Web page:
POLITICO New York: City to release long-awaited integration plan, with broad definition of diversity

By Eliza Shapiro

Mayor Bill de Blasio’s administration will release its long-awaited plan to combat entrenched segregation in city schools on Tuesday, according to city officials.

The city will frame the effort to racially and socio-economically integrate New York City’s schools, some of the most segregated in the nation, as part of the mayor’s broad “equity and excellence” education plan. And the city will continue to use the word “diversity” rather than “integration” to describe its plans, a sticking point between City Hall and the city’s integration advocates and experts.

As part of the plan, which will be called, “Equity and Excellence for All: Diversity in New York City Public Schools,” the city will release a policy statement expressing the administration’s support for school diversity.

The statement, which will be officially released Tuesday, will read as follows: “The New York City Department of Education is committed to supporting learning environments that reflect the diversity of New York City. We believe all students benefit from diverse and inclusive schools and classrooms where all students, families and school staff are supported and welcomed. This work is essential to our vision of Equity and Excellence for all NYC students.”

The statement is intended to reflect the broadest possible definition of “diversity,” according to officials — not just racial diversity, but also “socioeconomic status, home language, country of origin, immigration status, ability, special needs, religion, gender, gender expression, sexual orientation, housing status and cultural background and experience.”

As integration has become an increasingly urgent political issue over the last year, advocates have chafed at how de Blasio and city school chancellor Carmen Fariña have generally defined diversity, and pushed for an acknowledgment that racial segregation persists in the city’s 1,800 public schools.

But at least one integration advocate, David Kirkland of NYU’s Metropolitan Center for Research on Equity and the Transformation of Schools, called the city’s statement “an important step in the right direction.”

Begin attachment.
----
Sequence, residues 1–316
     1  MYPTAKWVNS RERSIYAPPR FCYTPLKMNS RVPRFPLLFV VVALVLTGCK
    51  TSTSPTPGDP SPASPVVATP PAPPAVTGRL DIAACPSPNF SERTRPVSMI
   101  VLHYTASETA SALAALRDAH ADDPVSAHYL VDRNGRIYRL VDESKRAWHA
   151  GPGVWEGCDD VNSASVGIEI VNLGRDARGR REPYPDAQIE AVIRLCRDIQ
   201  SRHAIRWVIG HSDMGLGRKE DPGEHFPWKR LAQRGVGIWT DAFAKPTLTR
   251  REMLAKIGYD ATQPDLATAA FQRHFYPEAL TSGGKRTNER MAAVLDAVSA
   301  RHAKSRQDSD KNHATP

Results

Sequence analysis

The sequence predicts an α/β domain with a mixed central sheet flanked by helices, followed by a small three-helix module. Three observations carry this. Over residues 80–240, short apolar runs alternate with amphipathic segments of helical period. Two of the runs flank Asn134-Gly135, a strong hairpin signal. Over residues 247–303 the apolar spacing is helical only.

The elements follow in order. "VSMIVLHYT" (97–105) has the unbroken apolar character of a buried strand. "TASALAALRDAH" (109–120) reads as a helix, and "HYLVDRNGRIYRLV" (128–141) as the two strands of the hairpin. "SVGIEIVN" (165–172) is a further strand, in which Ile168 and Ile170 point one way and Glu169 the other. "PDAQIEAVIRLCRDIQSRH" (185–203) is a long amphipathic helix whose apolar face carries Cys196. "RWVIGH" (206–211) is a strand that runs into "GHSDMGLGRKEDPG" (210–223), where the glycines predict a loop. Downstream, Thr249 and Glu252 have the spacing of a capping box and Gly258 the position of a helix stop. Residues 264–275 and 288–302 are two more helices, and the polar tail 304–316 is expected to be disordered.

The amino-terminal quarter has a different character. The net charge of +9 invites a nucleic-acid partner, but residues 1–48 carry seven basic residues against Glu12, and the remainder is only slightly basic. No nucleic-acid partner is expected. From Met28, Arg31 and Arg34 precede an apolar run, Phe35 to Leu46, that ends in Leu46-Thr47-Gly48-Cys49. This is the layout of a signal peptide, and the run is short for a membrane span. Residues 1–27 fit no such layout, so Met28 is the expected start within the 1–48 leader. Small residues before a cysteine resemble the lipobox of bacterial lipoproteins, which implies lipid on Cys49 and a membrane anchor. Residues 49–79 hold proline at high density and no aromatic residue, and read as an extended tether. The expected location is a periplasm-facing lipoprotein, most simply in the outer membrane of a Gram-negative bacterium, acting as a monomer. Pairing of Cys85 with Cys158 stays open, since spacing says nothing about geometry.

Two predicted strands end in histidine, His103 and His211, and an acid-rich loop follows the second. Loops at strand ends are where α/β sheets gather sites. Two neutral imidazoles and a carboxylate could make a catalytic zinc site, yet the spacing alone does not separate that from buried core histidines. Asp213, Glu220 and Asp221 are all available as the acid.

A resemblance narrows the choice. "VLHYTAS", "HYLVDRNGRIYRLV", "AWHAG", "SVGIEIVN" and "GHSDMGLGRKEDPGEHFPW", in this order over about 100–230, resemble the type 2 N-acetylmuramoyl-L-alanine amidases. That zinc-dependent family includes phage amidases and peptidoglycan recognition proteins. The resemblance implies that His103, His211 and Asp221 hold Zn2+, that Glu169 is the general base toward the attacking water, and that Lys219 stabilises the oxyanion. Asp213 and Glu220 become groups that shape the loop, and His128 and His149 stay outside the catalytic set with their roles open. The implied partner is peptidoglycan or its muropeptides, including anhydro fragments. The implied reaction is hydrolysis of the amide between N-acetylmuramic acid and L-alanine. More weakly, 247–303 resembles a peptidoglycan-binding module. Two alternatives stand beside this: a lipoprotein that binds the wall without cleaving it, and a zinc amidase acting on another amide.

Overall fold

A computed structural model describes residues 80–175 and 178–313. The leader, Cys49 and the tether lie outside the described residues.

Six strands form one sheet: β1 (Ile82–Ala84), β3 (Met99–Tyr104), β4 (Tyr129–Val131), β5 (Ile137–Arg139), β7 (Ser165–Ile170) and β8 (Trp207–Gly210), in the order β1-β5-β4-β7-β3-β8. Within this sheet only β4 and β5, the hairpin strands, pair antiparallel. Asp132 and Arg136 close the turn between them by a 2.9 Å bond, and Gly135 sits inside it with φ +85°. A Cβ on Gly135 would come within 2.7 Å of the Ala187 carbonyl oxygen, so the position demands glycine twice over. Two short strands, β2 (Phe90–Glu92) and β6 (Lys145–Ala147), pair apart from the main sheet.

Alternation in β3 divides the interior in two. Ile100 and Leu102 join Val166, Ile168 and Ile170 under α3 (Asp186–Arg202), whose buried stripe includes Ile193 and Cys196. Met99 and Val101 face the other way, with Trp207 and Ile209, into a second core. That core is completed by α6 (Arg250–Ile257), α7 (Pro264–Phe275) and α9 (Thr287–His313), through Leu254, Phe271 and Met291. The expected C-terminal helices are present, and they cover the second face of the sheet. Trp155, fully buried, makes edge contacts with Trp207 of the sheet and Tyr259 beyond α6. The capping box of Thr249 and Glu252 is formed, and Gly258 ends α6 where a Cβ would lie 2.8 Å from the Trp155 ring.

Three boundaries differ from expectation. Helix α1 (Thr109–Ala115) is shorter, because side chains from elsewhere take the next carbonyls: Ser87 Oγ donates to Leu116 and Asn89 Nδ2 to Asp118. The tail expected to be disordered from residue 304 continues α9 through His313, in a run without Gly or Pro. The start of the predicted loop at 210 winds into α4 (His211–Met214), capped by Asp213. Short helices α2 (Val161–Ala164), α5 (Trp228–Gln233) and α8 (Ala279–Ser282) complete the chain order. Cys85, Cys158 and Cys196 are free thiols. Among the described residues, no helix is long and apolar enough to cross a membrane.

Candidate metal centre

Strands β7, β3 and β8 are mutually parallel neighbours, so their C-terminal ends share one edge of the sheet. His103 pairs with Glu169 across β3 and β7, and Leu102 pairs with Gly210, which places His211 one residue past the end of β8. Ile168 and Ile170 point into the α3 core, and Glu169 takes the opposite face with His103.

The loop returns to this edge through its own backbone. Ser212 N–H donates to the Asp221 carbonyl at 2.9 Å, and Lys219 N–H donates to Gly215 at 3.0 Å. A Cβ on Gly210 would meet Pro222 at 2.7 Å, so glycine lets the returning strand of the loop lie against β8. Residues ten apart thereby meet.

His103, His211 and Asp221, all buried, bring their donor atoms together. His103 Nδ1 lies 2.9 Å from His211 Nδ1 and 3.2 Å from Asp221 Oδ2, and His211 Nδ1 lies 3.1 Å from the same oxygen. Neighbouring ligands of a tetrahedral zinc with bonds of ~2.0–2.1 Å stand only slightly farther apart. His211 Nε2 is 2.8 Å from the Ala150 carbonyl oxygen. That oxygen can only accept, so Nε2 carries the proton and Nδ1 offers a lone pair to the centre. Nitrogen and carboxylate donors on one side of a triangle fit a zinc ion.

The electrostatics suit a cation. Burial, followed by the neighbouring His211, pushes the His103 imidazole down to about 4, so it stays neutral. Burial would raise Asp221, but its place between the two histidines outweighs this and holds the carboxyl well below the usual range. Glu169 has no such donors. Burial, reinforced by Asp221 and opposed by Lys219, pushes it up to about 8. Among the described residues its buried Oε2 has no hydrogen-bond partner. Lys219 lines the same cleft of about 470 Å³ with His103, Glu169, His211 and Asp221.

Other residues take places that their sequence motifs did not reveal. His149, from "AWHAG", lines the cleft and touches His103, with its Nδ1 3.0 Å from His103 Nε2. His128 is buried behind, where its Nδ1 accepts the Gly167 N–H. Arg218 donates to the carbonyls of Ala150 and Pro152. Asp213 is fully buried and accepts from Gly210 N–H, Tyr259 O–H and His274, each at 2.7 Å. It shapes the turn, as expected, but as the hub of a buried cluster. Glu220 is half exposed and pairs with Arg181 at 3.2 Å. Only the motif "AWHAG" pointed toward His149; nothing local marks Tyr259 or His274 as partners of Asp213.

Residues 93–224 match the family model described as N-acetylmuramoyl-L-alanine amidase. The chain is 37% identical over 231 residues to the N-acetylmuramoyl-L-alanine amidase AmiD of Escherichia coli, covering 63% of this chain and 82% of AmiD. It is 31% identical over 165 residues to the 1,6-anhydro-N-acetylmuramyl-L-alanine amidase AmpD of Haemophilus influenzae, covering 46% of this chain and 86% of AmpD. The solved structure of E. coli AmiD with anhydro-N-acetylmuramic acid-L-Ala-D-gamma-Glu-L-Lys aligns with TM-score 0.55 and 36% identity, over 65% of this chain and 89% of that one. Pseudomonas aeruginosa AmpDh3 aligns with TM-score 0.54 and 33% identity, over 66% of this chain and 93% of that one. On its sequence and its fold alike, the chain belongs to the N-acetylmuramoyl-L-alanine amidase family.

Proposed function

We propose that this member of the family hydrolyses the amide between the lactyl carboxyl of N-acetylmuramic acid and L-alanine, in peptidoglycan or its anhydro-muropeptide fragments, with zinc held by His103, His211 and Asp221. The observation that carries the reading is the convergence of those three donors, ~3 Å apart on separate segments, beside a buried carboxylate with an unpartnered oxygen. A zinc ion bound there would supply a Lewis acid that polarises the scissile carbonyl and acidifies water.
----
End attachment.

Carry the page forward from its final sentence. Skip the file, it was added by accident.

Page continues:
“This affirms a shared commitment to – and understanding of the importance of – not just school, but also classroom diversity, which is essential to the work ahead of us,” Kirkland said in a statement shared by city officials.

The de Blasio administration has taken some modest steps over the last year to promote integration in schools, including creating a pilot admissions program that creates set-asides for high-needs students at elementary schools in some neighborhoods. But the mayor, who is no stranger to sweeping rhetoric, has repeatedly described integrating schools as a herculean task, and he has described school segregation as a regrettable fact of American history.

Several school rezoning debates in gentrified neighborhoods over the last two years have highlighted just how contentious attempts to integrate even individual schools can be in New York City, a fact not lost on an administration running for reelection this year.

Tuesday’s plan is likely to appease but not entirely satisfy advocates and pro-integration elected officials, who have pushed for a controlled choice system in some districts reminiscent of the model embraced in Cambridge, Mass., along with other, more dramatic citywide measures.

Experts have pointed to research demonstrating that integrating schools is likely to boost academic performance overall, and particularly in mostly minority schools that have been historically under-resourced.

More details about the city’s diversity plan will be released later Tuesday.

This article first appeared on POLITICO Pro New York on June 6, 2017.

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